Walking in the Dark

September 16th, 2019

I walked Shocky at 4:00 AM yesterday, well before sunrise. It was probably unwise to walk a black border collie/lab for a couple miles on an unlit stretch of road. I did it anyway. Not only was it dark, but it was also foggy. Fortunately, there was only a minimal amount of traffic. I suspect that the motorists I saw were mostly people in a rush to get to jobs that they hate. I used to live like that. I remember playing death metal on the radio to stay alert. Anybody who is up at such an ungodly hour is probably not loving life.

I was up. I am often up that early. I worked third shift for over twenty years, and I can no longer sleep like a normal human. I wake up at two or three or four in the morning, and I can’t go back to sleep. No chance. I stare up at the skylight for a while, and then I crawl out of bed.

The wee hours of the morning are pretty twisted. They are part of a time frame is not quite right. It is too early to start a pot of coffee, and it’s too late to crack open a beer. I can’t begin anything, because then I will wake up Karin. Lying silently in bed is not an option.

What to do?

I tend to latch on to Shocky and go for stroll in the dark. Some nights are glorious, with the stars above us as we hike past subdivisions, farm fields, and marshes. Other nights are not so glorious. However, even with the fog, it was good to walk. It was still good to be outside.

Darkness can be a blessing. We rely far too much on vision. Walking along a lonely road at night requires the use of other faculties, especially when the few things that are still visible are shrouded in mist. The senses of hearing, feeling, and smell sharpen as sight fades. The sounds of crickets, frogs, and an occasional sand hill crane became much clearer to me on our hike. The smell of the marsh was more pungent. The feel of the road under my feet, and the pull of Shocky on the leash was more immediate. A familiar world became strange and fantastic when there was so little light. Our walk was not completely in the dark. Every once in a while I could look up and catch a fleeting glimpse of the waning moon through fog.

I have been thinking about other predawn activities, some from long ago.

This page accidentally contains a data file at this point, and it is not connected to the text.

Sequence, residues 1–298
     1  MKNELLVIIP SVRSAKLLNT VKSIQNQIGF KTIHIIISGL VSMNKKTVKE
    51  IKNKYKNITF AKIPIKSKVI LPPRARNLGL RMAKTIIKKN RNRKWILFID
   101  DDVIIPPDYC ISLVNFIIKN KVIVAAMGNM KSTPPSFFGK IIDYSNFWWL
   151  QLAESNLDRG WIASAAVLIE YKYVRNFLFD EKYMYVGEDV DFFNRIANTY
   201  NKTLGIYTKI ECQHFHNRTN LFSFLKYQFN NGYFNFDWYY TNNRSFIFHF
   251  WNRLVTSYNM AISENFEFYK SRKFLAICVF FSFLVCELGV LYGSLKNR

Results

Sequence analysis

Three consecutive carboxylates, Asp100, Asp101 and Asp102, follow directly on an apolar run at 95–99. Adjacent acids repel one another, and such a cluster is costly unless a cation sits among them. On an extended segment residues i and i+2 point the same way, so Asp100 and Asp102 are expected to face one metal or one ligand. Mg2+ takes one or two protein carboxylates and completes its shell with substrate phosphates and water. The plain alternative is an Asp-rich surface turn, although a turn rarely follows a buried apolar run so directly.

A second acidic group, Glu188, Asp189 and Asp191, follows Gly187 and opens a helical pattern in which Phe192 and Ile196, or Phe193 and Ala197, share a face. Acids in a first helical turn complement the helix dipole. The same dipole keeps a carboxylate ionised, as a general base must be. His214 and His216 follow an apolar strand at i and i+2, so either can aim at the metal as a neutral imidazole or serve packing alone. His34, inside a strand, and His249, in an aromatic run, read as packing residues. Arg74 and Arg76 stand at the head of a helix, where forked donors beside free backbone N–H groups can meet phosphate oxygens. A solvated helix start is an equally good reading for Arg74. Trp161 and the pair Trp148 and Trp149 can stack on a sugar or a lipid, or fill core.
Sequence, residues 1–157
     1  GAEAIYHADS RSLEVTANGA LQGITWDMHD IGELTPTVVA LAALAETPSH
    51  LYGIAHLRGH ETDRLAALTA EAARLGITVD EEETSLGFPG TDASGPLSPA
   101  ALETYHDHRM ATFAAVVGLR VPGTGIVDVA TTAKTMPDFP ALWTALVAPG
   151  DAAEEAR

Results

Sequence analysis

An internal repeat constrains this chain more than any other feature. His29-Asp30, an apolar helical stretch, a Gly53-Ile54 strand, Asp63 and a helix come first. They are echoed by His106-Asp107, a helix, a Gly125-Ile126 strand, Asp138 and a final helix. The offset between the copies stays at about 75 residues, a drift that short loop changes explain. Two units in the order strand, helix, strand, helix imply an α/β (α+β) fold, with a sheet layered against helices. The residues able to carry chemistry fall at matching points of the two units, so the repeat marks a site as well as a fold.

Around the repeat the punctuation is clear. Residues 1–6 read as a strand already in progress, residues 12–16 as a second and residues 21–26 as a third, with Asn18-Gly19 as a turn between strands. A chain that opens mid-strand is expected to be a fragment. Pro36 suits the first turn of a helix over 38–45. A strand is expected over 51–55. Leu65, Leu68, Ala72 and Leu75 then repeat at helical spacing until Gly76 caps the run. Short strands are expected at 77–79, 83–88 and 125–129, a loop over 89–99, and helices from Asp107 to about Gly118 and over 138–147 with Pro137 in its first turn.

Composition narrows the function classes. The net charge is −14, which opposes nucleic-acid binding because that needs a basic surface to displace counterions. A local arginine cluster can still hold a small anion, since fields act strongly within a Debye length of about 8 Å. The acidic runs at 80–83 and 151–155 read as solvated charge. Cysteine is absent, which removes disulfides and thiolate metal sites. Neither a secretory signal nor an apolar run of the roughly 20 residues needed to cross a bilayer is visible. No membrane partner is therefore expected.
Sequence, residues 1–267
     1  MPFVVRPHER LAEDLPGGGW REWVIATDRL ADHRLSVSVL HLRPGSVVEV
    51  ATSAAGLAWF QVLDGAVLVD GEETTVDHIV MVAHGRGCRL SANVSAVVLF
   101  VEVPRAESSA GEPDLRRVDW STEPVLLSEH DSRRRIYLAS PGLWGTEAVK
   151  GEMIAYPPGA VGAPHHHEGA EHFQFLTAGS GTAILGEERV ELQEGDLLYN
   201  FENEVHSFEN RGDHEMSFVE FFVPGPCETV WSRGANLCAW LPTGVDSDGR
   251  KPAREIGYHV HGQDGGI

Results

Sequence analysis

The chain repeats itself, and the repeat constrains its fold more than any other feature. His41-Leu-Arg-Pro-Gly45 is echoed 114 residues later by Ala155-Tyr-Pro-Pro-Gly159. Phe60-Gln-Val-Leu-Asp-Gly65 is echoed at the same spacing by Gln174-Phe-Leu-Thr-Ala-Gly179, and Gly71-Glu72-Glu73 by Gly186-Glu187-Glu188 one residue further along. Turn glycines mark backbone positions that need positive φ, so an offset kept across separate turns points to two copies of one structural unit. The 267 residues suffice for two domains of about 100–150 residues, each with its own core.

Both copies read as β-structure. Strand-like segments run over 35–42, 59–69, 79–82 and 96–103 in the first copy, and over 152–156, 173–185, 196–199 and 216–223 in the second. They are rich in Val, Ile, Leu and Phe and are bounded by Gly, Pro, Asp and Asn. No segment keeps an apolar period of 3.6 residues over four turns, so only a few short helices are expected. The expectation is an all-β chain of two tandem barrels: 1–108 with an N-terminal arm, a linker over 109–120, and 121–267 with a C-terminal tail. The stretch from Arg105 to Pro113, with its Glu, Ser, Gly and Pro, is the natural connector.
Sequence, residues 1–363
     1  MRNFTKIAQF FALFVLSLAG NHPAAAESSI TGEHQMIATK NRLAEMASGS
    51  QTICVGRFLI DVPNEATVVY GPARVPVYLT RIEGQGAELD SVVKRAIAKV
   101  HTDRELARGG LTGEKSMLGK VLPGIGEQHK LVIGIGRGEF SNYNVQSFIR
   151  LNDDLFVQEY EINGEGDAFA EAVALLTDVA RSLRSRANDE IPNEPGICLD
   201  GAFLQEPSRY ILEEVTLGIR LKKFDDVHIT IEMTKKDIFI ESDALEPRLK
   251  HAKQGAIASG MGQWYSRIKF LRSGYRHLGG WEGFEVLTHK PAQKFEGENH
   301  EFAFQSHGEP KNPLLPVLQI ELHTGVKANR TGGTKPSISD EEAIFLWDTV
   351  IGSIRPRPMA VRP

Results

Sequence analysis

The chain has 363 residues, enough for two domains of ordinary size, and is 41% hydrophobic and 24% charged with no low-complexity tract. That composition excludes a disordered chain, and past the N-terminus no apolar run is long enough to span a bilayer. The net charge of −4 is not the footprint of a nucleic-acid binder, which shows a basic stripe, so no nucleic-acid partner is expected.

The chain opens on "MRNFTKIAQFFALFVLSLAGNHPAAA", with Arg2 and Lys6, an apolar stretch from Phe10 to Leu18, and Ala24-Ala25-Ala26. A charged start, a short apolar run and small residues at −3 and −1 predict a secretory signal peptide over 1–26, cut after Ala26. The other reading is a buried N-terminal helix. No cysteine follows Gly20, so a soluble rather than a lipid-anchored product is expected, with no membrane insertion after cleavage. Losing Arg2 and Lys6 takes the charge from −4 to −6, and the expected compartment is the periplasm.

Once, I had a friend named Greg. He worked as a truck driver, but his passion was music, all sorts of music. He had a radio program on a local non-profit station. It was called “G.B. and the Neutral Drop”. His time slot was from 3:00 to 6:00 AM on Mondays. That was a truly wretched time to be playing music on the air. He had very few listeners, simply because very few people were conscious at that time of day/night. The only people who ever called into his program were bakers and dairy farmers.

The one upside of being a DJ in those predawn hours was the fact that Greg could play whatever he wanted to play. And he did. It would be a gross understatement to say that Greg’s program was eclectic. His choice of music was diverse to the point of being almost random. He played everything. Greg ran through his selection of artists in a jarring and unpredictable manner. I think he took great pride in that.

Greg invited me to come to the studio with him during those witching hours. We had fun. He even let me speak on the air. What a mistake.

He asked me to do a PSA (public service announcement). I proceeded to make a total mockery of it all. I’m not sure why he would have expected anything else. He did seem a bit alarmed.

Once he switched over to some music, he cut the mikes and gave me a hard stare.

“Hey man, what are you doing? I mean, we are recording all this. What if somebody from the station hears what you said? C’mon, man!”

I mumbled an apology.

He queued up another song, and gave me the side eye. He shook his head, and said,  “Asshole”, as he was laughing to himself.

As I mentioned, Greg’s musical tastes were far-ranging. One morning he started off with some scratchy 45’s of black Gospel hymns. Then he went immediately to some nasty-ass track from Solomon Burke, a soul artist whose musical references to sex would have made Prince blush. After that, Greg went to directly to some western swing, some shit so redneck that any white boy would want to stand up and wave the Stars and Bars.

As far as I am concerned, the best part of Greg’s show was when he played “unheard 45’s”. Greg, in his travels, would stop at garage sales and buy old records. Often, he bought records from artists that were completely foreign to him. He never listened to them prior to dragging them out for his show. These were old vinyl disks. They were recordings from bands that made one or two records, and then disappeared. Greg would pull out the 45’s, and then he and I would play them at random.

The recordings almost always sucked, and we almost always said exactly that on the air. It was kind of an artistic sadism. We ripped on these performers who probably put their hearts and souls into some lame song. I am likely going straight to hell for my active participation in this cruel enterprise. I suppose I should feel regret. I don’t.

At one point, I thought to myself, “What if one these performers actually hears us mocking him?”

Then I thought, “Oh well, he’ll get over it.”

We moved on to the next record.

The wee hours of the morning are times of intense beauty and terrible sin.

It’s best to stay in bed.

 

 

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